Product managers have access to every possible metric. The analytical PM will focus on a smaller number of metrics that measure the vital signs of the product based on what matters to their business.
2. Asking Investigative Questions
In the age when data analysis took weeks, asking the right questions was a critical step in the hope that the answers would come back with relevant insights. Most of the time, the answers led to more questions that would never get answered.
Today, analytics technologies can track every user interaction within the product and answer your questions in near real time. This means PMs will get much more out of their data by learning how to ask lots of imprecise questions instead of wasting time on crafting the "perfect" question.
Understanding how to identify the clues within each answer that can lead to better questions is an iterative process that will help PMs uncover the deeper issues in the product that were not obvious from the start.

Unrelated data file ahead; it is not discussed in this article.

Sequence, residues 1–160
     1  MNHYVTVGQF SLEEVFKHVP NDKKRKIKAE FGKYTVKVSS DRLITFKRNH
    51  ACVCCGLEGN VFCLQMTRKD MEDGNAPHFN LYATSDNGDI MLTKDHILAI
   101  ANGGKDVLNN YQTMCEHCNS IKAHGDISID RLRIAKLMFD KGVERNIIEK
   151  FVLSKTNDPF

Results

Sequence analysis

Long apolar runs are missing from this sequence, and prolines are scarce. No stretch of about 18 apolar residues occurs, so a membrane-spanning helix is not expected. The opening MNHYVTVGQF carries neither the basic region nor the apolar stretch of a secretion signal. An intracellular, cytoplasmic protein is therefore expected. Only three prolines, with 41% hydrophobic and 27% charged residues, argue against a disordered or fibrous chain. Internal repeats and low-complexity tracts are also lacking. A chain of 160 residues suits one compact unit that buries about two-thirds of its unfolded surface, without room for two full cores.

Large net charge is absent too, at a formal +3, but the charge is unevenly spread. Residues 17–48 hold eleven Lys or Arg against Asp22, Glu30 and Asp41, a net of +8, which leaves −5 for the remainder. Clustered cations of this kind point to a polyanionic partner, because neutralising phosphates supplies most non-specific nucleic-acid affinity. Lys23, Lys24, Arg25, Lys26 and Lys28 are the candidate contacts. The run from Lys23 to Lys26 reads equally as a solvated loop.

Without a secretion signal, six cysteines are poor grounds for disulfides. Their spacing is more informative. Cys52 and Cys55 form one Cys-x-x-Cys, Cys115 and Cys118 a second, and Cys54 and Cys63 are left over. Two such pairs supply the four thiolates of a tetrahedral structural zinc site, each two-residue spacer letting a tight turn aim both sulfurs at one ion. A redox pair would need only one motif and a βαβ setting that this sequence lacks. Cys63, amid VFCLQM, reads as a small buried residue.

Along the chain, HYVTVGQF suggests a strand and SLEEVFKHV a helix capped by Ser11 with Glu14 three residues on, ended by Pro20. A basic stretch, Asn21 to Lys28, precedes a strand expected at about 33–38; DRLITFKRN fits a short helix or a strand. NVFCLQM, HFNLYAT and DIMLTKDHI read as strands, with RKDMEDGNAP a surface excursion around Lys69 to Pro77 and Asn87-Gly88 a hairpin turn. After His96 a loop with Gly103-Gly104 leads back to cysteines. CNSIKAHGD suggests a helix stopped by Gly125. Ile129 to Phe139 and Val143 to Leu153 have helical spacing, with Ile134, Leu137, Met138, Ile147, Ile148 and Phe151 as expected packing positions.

One way to approach this new paradigm is to ask investigative questions rather than factual questions. A factual question is designed to get information, such as, "How many active users do we have?" Investigative questions can have more than one correct answer forcing you to investigate all the possibilities.
For example, "What are users doing before they upgrade to a paid plan?" is an investigative question with several possible answers. When you ask this type of question, the analysis will reveal clues that will compel you to ask follow-up questions.
Former Hewlett-Packard CTO, Phil McKinney, explains the benefit of investigative questioning: